George Anderson Permit Crabs
These are impressive flies. Jamie said George called from Florida earlier in the day; said George caught a 180 pound tarpon. Son of a gun. I spent the day on O'Hairs. It's hard to complain about a day on the spring creek, but I'd trade it for Florida tarpon fishing anytime.
I think this fly is called the McCrab. I'll verify that at some point. If I can't get anymore real tied-by-George flies, by George, I'll have to break the rules a little and put some store-bought facimilies here instead. What flybox would be complete without a George's Brownstone? The Brownstone is one fly I make sure I always have.
I watched George tie stonefly nymphs once. I can't remember where. Was it part of a show, perhaps at the Gallatin County Fair Grounds, or maybe an FFF Conclave? George is a big guy: his fingers are like red freckled bananas: so big it's hard to see what's going on behind his hands. But his fly tying skills are fast precise and professional. As I watched those beautifully tied and propotioned nymphs fall of his vise, I knew I was witnessing something special.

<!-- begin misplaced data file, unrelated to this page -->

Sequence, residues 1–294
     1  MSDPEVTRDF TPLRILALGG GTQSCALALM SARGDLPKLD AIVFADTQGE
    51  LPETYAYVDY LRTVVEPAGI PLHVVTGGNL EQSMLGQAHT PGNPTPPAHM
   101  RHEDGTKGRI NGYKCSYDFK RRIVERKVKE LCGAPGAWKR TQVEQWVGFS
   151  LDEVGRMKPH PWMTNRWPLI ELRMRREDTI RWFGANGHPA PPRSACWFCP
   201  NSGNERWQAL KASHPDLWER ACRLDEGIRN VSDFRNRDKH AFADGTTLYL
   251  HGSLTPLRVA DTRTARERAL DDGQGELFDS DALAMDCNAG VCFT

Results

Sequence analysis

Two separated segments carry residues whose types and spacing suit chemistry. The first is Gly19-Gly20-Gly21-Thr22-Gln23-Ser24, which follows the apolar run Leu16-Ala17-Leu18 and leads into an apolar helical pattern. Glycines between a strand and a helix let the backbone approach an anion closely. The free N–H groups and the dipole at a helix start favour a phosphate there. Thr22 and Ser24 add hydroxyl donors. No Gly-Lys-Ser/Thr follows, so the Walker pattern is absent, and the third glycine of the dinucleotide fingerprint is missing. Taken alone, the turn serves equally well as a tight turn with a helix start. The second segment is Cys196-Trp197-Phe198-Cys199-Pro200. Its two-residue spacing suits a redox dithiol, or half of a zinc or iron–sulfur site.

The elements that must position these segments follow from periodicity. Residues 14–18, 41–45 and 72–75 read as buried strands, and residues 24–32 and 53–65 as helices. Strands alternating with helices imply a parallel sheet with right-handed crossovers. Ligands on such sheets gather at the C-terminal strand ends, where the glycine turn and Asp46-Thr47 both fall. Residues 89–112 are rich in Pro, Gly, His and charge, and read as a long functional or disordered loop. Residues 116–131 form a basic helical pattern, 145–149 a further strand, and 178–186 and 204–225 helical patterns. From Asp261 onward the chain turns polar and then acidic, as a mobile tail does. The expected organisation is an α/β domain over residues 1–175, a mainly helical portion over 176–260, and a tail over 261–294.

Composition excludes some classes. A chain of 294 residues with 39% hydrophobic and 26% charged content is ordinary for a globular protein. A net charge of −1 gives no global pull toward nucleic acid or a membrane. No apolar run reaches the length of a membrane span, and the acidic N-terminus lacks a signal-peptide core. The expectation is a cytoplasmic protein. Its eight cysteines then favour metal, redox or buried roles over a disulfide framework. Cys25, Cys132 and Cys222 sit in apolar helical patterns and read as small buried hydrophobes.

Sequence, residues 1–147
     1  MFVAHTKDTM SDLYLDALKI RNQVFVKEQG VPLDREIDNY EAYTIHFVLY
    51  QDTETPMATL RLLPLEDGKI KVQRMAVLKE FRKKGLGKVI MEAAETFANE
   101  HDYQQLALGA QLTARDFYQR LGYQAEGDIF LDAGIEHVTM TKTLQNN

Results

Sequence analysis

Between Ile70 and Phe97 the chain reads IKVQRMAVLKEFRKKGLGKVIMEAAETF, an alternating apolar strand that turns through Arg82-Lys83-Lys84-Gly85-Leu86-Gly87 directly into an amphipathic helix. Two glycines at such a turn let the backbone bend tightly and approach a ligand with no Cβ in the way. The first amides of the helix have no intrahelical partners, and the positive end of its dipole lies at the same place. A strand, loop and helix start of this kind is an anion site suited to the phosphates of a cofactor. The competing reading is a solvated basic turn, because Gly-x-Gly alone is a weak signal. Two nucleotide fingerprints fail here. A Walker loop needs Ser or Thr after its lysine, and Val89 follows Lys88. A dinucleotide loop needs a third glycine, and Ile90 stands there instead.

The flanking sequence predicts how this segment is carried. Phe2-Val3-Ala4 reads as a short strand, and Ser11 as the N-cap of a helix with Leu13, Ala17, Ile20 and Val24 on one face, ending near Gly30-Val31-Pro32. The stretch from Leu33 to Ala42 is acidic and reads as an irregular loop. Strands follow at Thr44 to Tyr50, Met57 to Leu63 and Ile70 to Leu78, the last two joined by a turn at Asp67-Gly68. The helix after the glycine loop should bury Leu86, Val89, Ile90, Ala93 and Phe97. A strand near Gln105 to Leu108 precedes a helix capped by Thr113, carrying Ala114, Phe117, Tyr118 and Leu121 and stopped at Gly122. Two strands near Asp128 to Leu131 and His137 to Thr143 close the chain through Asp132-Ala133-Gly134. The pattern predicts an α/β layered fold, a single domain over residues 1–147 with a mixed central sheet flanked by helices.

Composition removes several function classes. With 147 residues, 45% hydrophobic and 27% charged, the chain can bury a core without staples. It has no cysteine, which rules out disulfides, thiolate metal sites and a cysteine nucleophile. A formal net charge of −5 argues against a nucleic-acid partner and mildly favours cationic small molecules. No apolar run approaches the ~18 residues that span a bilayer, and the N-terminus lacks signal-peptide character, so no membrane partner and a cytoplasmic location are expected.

Years ago, before I started working for George, during a rare low-water year when the Salmon flies hatched in clear water on the Yellowstone, even as far downstream as Livingston, I remember taking a boat out at Carter's bridge one evening. The fishing had been OK but not great. The few good fish we caught were bloated with salmon flies; many of them regurgitated golf ball sized globs of flies as we released them. George was about to start an evening float with some customers. He asked me how the fishing had been. "Ok," I said. "But they're so bloated with flies they're hard to catch. I think we should have gone further upstream." George looked annoyed. He strung up a rod while I was loading up my boat. George caught two or three fish at the put in, drifting nymphs, before I even got out of the parking lot.